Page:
About Joanna

Joanna manages many behind-the-scenes aspects of work on the farm, taking primary responsibility for vegetables & other cultivated plants; she selects varieties, develops and implements the planting plan, monitors and identifies problems, and saves seed. She also takes charge of recordkeeping, database management, scheduling, technical aspects of web development, and accounting. A geologist by training, Joanna enjoys landscape exploration in various forms, including hiking, canoeing, and nature observation, especially bird watching. She also enjoys cooking and eating really good food.

Virginia Bluebells

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An especially showy spring wildflower that occurs in the woods along the stream at Chert Hollow.

Cut-leaved Toothwort

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A spring wildflower that occurs in the woods at Chert Hollow.

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The seedpods are similar in shape to other brassica-family plants, such as collards that we routinely save seed from.

Dutchman’s Breeches

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An early spring wildflower that is moderately common in the woods at Chert Hollow.

Mayapple

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Occurs in patches in the woods at Chert Hollow, especially in relatively moist areas. We’ve seen leaves coming up as early as late March. Although the ripe fruit is reportedly edible, various critters always eat them before we do.

Bloodroot

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A pretty wildflower of early spring. Bloom time ranges from approximately late March to mid-April, depending on weather and soil temperature. Occurs in patches in the wooded stream bottoms at Chert Hollow.

Flowering Dogwood

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We have just a few Flowering Dogwood trees scattered through the Chert Hollow woods, and spring of 2015 was the first time we’ve seen them bloom meaningfully. In fact, we found a couple specimens that we were not previously aware of.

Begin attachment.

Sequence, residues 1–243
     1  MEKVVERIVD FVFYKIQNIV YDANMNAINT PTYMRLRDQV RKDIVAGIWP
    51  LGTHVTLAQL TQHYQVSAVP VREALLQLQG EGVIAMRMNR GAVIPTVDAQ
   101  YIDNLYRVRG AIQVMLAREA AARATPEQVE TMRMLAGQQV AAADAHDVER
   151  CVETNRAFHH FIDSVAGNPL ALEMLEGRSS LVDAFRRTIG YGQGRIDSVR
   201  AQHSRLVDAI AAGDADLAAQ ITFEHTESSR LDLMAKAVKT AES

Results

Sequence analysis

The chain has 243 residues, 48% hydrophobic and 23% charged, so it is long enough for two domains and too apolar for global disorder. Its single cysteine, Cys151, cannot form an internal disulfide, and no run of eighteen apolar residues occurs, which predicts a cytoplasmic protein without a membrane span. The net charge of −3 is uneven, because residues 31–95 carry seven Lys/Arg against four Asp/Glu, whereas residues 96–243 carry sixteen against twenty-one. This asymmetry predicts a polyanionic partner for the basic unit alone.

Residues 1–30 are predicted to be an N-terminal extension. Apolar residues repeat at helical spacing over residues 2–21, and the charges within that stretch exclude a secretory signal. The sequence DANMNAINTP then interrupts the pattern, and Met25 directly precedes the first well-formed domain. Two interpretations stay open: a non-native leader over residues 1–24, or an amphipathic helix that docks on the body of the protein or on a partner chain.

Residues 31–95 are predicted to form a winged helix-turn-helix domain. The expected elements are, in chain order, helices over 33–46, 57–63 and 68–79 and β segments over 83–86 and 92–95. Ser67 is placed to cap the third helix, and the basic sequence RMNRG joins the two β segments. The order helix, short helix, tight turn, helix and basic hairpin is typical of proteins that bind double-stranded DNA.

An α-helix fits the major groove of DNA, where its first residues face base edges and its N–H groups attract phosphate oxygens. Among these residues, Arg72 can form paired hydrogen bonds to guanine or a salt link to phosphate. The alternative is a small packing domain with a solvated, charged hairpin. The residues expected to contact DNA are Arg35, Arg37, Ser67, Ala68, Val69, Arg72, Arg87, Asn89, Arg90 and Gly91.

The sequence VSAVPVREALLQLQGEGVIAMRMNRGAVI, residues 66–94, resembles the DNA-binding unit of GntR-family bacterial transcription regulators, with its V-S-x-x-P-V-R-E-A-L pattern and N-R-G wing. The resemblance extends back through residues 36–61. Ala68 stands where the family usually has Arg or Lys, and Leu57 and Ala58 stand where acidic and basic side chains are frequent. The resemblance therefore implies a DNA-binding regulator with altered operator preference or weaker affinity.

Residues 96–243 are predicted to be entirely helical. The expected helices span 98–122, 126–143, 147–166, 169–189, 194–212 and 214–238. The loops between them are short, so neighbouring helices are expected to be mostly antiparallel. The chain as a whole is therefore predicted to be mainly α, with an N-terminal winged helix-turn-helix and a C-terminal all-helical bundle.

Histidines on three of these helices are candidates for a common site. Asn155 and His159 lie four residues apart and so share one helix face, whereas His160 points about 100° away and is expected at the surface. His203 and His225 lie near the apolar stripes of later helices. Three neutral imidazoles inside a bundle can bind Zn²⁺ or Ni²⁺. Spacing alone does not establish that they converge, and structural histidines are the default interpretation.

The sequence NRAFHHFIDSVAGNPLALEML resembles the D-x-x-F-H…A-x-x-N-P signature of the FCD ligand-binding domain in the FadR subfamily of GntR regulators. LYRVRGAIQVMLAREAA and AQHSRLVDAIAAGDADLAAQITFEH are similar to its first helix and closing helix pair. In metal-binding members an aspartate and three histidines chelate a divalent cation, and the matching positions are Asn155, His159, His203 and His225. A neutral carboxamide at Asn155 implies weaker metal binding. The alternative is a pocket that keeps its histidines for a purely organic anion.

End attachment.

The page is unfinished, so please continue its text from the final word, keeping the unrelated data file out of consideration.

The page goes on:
Box Elder

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A tree with opposite compound leaves. The three leaflets superficially resemble poison ivy.

Eastern Red Cedar

Cedars are a native invasive: a native species that can rapidly overtake an open patch of ground and form a dense monoculture. They did this here after prior attempts at farming were abandoned in the mid-1900s. We’ve spent many winters removing cedars to replant more diversity. Fortunately, we’ve found uses for essentially all parts of a cedar tree.

bio_cedar_berriesCedar berries on a female tree.

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Male cedar tree releasing pollen in spring.

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Putty Root

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Putty Root is a type of orchid that is fairly common in the rich soil of our wooded stream bottoms. Unlike most plants that send out leaves in spring and are done with them in the fall, Putty Root sends up its leaves in the fall, and they remain until about the time the plants flower in the spring (May or June, usually when we’re too busy to take a walk in the woods and look for orchid flowers). In November 2014, we found some stalks with seedpods in an especially vigorous group of plants. Opening up a seedpod provides a view of the prolific quantity of tiny seeds.